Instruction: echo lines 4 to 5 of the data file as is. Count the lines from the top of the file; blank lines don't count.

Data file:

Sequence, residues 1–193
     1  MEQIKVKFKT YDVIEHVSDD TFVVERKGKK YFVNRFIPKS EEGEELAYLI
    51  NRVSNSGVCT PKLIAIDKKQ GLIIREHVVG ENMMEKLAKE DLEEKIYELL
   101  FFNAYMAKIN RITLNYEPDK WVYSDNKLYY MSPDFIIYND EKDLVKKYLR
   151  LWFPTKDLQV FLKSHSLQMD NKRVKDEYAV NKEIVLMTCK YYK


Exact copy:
   101  FFNAYMAKIN RITLNYEPDK WVYSDNKLYY MSPDFIIYND EKDLVKKYLR
   151  LWFPTKDLQV FLKSHSLQMD NKRVKDEYAV NKEIVLMTCK YYK